1

I recently saw this blog post regarding performance when the TZ environment variable is not set: https://blog.packagecloud.io/eng/2017/02/21/set-environment-variable-save-thousands-of-system-calls/

I have noticed this problem when stracing running daemons on my systems and would like to fix it. I reviewed the official Ubuntu documentation for where to define environment variables: https://help.ubuntu.com/community/EnvironmentVariables

I tried defining TZ in /etc/environment and in /etc/profile.d/test.sh, but I cannot get this environment variable to be available in all cases (e.g. if I just execute bash without --login or if I run the sample c program provided in the above article). How can I make the TZ environment variable defined completely system-wide?

Thanks!


Edit: It was suggested that my question is a duplicate of this other post, but the methods described in that post do not solve this problem. I tried both of these: sudo dpkg-reconfigure tzdata and sudo timedatectl set-timezone America/New_York. After, I confirmed that /etc/localtime is a valid symlink as expected. However, after a reboot I still see 10 stat() calls to /etc/localtime as documented in the original article I posted above. The behavior I am looking for (as documented in the original article) is making it so /etc/localtime is not stat()-ed repeatedly, which is very inefficient

5
  • 1
    Did you log out (of the desktop session) and back in after modifying /etc/environment or /etc/profile.d/xxx? AFAIK those changes should propagate down from the shell that's started by the display manager – steeldriver Mar 28 '17 at 16:22
  • Yes, I rebooted. Note that I want this variable to be available from services started via upstart or systemd, which could execute with /bin/sh or another shell (not bash) and thus may not read in /etc/profile.d/* – Andrew Martin Mar 28 '17 at 17:03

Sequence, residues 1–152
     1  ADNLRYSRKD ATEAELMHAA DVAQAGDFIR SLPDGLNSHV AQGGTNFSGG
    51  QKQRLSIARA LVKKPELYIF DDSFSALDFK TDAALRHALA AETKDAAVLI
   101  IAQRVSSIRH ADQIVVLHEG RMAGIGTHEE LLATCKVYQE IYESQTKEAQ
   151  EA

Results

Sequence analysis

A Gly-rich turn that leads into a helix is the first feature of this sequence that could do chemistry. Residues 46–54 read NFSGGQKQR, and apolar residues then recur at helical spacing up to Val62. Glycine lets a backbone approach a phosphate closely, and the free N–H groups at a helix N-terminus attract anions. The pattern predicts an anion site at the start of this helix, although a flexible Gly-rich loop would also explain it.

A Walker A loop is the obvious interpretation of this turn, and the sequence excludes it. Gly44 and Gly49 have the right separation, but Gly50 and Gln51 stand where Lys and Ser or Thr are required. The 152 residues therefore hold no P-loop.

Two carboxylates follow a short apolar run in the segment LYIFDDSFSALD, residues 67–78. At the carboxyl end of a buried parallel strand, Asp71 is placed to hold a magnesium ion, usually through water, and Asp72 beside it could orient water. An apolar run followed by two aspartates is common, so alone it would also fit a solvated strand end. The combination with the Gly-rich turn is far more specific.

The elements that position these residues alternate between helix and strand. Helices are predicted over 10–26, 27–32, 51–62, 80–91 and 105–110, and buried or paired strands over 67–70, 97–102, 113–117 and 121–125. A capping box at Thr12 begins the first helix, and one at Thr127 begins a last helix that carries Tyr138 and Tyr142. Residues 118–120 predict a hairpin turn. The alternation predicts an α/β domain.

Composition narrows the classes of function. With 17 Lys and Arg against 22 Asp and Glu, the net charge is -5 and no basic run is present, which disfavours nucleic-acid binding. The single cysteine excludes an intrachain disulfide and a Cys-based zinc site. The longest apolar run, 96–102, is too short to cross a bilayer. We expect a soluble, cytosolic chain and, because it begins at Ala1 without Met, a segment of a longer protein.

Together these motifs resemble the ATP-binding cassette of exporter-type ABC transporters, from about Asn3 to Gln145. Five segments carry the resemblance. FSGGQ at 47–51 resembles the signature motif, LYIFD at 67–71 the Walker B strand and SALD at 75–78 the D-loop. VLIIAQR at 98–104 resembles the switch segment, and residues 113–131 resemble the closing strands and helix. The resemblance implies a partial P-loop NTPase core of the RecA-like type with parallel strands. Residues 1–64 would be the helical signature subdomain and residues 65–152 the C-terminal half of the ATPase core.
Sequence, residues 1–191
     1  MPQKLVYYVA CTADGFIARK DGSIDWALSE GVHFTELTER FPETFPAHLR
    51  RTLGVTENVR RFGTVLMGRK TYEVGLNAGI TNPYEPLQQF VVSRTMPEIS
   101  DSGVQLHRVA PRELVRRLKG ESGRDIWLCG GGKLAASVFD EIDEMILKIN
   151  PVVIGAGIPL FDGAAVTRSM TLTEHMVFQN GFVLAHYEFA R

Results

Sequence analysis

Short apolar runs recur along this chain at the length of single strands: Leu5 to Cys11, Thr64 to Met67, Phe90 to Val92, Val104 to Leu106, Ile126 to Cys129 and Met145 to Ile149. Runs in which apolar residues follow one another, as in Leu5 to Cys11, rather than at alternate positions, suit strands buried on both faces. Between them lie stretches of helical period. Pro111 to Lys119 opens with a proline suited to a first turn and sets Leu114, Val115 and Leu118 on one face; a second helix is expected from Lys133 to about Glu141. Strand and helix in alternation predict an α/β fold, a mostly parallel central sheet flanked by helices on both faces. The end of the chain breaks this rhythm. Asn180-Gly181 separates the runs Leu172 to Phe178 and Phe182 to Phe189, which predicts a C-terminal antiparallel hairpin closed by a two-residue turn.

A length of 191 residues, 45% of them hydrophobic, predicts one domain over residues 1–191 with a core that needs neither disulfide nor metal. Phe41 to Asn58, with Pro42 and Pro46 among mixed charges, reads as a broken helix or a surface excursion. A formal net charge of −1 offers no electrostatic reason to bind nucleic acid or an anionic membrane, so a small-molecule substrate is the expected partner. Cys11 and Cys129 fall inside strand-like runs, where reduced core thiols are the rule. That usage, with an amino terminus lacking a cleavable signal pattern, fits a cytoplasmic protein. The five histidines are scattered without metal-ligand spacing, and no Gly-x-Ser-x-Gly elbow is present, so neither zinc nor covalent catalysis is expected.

• I'm only scratching the surface with systemd, but as far as I can make out your options are to specify EnvironmentFile=-/etc/environment in your unit files, or set a DefaultEnvironment="TZ=whatever" as specified in the systemd-system.conf manpage (I don't think there is currently a DefaultEnvironmentFile) – steeldriver Mar 28 '17 at 17:58
  • That is not how you set your TZ, see askubuntu.com/questions/323131/setting-timezone-from-terminal – Panther Mar 28 '17 at 18:07
  • 3
    Possible duplicate of setting timezone from terminal – Panther Mar 28 '17 at 18:07
2

I assume you did something like

TZ=:/etc/localtime

This will not however propagate to subshells - and you normal bash shell is a subshell of the wider environment. So you need to do:

export TZ=:/etc/localtime
3
  • Correct. Neither of these worked, even after a reboot. I need a solution that will work for upstart jobs and systemd units as well as commands invoked via other shells (e.g. sh, dash, ash, etc). – Andrew Martin Mar 28 '17 at 17:03
  • @AndrewMartin most of those start with clean environments, and usually don't have any common file for setting an environment. – muru Apr 3 '17 at 5:21
  • Thanks, it sounds like I will need a multi-faceted solution then. – Andrew Martin Apr 5 '17 at 16:59

Your Answer

By clicking “Post Your Answer”, you agree to our terms of service, privacy policy and cookie policy

Not the answer you're looking for? Browse other questions tagged or ask your own question.